The Green Inferno is the horror director’s homage to the Italian cannibal films of the 1970s and 1980s. Those films, such as Cannibal Holocaust, Make Them Die Slowly and Eaten Alive were in turn influenced by the sub-genre of Mondo films. These films showed actual executions, animal slaughter and other graphic scenes of barbarity. While these movies portrayed indigenous and primitive peoples in an unflattering light, the invading Western protagonists also committed unspeakable acts of violence, leading the audience to wonder who the real savages were.
Tobe Hooper was one of the most influential horror directors of all time. His vision and intelligence can be seen in almost every slasher and splatter film over the last forty years and The Texas Chain Saw Massacre is Hooper’s masterpiece.
Originally conceived as a faux film “based on true events”, Hooper did draw inspiration from the story of Ed Gein, a murderer, grave robber who had a predilection for a number of other unsavory character traits.
“What happened is true. Now the motion picture that’s just as real. Once you stop screaming, then you’ll start talking about it.”
Of all of the films released in 2016, Nicolas Winding Refn’s The Neon Demon is one that I have thought about most. The reviews of the film are polarizing. Some people loved it, others hated it. Films like this are exactly the kind that I love to watch, films that really bore into your brain; films that you can’t quite pin down into a genre or a simple one dimensional theme. I could feel the director’s narcissism through the screen… I am still not sure how to feel about The Neon Demon, but since viewing it some time ago, I still can’t seem to get it out of my head.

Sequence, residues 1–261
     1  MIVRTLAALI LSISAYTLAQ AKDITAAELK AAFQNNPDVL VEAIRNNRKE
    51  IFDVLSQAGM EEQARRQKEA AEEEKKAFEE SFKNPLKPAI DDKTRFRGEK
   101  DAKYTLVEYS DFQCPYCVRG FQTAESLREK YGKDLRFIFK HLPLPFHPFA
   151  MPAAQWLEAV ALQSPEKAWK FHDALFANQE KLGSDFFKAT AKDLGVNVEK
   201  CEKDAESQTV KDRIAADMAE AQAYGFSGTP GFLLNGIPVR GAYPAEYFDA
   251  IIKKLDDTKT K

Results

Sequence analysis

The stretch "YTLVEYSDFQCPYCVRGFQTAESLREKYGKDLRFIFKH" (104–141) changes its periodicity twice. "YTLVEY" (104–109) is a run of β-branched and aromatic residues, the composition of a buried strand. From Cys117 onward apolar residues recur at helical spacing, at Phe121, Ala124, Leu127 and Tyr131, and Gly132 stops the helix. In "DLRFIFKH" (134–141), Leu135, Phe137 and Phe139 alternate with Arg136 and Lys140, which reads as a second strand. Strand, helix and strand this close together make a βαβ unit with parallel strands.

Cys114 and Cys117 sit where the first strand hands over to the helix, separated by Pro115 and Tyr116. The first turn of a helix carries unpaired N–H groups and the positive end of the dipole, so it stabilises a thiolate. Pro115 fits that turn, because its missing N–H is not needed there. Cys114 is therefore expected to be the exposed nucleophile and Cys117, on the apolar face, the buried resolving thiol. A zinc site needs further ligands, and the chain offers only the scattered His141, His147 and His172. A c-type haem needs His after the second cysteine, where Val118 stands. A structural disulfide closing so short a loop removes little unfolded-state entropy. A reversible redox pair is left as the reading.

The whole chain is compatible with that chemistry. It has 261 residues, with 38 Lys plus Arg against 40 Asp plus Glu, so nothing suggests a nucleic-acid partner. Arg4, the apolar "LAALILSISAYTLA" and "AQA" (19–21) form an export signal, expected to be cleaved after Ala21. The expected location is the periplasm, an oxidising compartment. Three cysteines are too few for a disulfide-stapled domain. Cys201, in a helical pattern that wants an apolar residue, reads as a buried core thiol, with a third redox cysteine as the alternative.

“Beauty isn’t everything. It’s the only thing.”
During the videotape format war of the late 1970s and early 1980s, JVC’s VHS would compete for market share against Sony’s Betamax. Betamax was, in theory, the superior recording format but VHS would ultimately emerge as the preeminent home video format in 1986. Consumers could not justify the extra cost of a Betamax VCR, which was often more expensive that the VHS equivalent due to the higher quality construction of Betamax recorders.
“Decadence is their fate.”
Directed by Joe D’Amato, co-written by Joe D’Amato and George Eastman, and starring George Eastman, Antropophagus (1980) is an Italian horror film notorious in the United Kingdom for being described as a snuff film.
Antropophagus was retitled and released in the United Kingdom in 1980 as Anthropophagous: The Beast by distributor VFP. VFP opted to release an uncut print of the film on VHS which eventually caught the attention of the media, resulting in the title being added onto the Department of Public Prosecutions (DDP) list of “Video Nasties”.